Richard M. Nixon became President when I was nearly eleven, resigned while I was in high school and the very first election I voted in pitted his former Vice-President Gerald Ford against Jimmy Carter.* During that time, I was part of the news staff of a school newspaper and, later, of the closed-circuit TV station, which produced a short newscast every weekday. My parents were lifelong Republicans; my Mom even held an appointed office (Township Assessor) under the elected County official. The press's war with Mr. Nixon and his war with them was a constant feature of my growing up. President Reagan and the Presidents Bush got similar treatment, not quite so harsh, and in the case of Mr. Reagan, there was an element of "happy warrior" on each side: he and the Press gave as good as they got.
So when the Press took off after candidate and then President Trump, it was more of the usual; I figure all Presidents need plenty of oversight, and if it's harshly critical, well, that comes with the job -- and so does pushing back.
I'm not especially comfortable with President's Trump sweeping and often-repeated characterization of journalists as "enemies of the people." It's dirty pool. (Which is not to say he doesn't come in for unsubtle, dirty-pool digs from the Press, as well). "Fake news" is an oversimplification, sloppily piling together overt bias, unconscious bias and the context-stripping necessary to a focused report, but it's got a grain of truth. Calling out the news media as a whole under a turn of phrase still reeking of Stalinism, that's something else.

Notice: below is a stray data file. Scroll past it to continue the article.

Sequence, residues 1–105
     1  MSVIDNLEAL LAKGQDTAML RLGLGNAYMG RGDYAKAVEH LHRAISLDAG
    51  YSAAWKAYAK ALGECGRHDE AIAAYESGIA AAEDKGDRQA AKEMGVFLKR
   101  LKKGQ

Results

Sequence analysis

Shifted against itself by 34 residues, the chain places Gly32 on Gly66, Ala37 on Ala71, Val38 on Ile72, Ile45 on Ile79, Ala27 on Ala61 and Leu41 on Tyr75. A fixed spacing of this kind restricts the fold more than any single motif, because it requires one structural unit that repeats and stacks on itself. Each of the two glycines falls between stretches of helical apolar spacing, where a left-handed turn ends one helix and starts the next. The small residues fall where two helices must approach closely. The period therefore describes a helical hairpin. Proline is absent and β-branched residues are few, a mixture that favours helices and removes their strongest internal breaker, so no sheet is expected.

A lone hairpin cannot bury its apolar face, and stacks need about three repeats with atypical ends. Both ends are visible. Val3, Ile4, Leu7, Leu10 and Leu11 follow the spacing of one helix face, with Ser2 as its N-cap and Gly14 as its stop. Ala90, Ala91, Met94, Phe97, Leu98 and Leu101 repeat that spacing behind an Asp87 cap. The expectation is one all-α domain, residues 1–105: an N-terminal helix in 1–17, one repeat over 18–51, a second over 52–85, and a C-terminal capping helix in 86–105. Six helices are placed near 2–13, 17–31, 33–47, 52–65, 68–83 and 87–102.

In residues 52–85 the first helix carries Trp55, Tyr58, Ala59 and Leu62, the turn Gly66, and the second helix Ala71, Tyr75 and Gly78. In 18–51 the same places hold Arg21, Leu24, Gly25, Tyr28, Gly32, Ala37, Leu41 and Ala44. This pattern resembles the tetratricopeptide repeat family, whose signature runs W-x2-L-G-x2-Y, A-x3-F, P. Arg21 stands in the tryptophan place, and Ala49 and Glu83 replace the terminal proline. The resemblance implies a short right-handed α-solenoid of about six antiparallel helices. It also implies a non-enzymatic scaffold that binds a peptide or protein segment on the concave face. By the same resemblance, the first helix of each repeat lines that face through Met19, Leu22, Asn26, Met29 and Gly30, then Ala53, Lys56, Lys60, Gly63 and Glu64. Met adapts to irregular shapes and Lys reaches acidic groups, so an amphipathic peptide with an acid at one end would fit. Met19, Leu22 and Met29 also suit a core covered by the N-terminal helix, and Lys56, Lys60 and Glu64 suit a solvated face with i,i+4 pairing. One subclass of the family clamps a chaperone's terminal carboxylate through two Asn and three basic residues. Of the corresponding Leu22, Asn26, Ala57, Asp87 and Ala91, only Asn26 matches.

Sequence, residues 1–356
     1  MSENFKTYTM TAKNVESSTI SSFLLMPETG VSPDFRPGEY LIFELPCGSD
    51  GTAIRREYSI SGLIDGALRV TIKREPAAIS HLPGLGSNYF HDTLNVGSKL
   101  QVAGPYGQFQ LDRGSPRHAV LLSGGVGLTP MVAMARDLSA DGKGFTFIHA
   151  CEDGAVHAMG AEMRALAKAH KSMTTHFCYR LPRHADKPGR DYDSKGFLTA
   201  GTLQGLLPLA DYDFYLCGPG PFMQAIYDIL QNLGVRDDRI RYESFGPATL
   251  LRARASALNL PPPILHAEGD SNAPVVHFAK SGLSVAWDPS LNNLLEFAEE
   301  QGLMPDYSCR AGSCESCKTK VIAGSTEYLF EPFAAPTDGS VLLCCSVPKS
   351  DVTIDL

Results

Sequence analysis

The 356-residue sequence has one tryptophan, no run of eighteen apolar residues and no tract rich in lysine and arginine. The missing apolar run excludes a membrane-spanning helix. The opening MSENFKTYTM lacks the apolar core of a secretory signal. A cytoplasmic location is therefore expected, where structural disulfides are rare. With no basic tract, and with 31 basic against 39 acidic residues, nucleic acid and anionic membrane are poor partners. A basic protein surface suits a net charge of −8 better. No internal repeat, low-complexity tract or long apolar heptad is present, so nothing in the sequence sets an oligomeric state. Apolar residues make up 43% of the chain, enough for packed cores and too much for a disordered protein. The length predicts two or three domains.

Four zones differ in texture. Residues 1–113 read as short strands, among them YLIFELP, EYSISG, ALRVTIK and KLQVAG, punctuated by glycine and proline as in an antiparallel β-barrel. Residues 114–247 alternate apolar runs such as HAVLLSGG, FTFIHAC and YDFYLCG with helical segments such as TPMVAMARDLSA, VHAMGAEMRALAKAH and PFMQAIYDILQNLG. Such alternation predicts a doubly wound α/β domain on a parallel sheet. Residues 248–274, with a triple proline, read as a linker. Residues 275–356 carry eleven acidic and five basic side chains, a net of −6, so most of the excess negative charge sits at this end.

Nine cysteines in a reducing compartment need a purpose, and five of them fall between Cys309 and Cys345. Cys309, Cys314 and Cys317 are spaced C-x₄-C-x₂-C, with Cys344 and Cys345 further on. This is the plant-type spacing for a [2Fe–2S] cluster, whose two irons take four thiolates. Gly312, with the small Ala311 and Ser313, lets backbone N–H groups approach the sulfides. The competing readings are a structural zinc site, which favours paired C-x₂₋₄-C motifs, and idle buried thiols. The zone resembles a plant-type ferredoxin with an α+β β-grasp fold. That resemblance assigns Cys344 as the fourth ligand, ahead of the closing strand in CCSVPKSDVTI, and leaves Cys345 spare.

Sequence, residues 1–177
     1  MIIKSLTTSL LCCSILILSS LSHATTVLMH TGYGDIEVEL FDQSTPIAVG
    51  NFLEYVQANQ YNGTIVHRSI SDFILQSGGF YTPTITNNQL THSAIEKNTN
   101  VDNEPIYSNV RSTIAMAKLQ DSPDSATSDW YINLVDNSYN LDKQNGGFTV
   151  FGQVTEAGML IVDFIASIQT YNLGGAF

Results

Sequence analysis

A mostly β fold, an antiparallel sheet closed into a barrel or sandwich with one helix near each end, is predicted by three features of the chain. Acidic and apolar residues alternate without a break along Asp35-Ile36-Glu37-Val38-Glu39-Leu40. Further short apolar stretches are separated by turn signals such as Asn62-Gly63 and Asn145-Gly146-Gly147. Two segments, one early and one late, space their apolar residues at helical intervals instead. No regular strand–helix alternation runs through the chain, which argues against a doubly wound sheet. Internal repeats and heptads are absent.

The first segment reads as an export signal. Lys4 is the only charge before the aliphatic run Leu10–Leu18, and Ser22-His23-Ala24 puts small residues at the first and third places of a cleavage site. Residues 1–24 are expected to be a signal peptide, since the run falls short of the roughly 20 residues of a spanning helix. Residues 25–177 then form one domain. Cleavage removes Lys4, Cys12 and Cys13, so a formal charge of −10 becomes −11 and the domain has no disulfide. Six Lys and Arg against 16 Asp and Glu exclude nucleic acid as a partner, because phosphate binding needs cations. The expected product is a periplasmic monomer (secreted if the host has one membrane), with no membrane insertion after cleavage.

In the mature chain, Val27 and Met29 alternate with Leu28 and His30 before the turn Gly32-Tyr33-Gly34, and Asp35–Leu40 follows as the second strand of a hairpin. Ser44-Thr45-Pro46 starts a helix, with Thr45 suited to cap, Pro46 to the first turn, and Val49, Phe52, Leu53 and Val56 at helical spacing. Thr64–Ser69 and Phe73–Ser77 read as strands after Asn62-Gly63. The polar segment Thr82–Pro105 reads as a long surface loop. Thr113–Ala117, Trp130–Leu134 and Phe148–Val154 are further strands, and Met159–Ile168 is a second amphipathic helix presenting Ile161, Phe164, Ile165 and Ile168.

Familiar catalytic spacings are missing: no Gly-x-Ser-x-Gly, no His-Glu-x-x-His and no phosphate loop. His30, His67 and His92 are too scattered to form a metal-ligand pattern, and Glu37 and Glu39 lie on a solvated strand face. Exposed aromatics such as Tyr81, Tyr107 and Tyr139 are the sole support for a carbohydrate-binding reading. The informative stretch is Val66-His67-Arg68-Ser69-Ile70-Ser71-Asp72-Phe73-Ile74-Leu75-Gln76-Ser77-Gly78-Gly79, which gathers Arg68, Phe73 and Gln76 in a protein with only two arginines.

Of course the media has counter-attacked, and of course a lot of it was predictably partisan, as overheated as anything tweeted from the White House -- but not all. Azcentral -- part of the USA Today conglomerate -- published an editorial more sensible than most by a large margin. I think it's worth reading. The tl;dr version? "Just do your job." It's good advice.
Journalists -- by which I mean reporters and editors who cover news -- are not noble, shining heroes; they're people doing a job. You should look on their work as they, ideally, look on the world: with a healthy dose of skepticism and an eye for the underlying facts. The best of them try to be unbiased, but they're as opinionated as as anyone. A lot of them have vastly different notions about politics than I do -- even so, I don't think they're enemies of The People.
* An interesting measure of the transition resulting from that election is that I know he was President James Earl Carter, Jr., just as I know Gerald Ford's middle initial was "R." but I couldn't possibly use his full name without it reading oddly.
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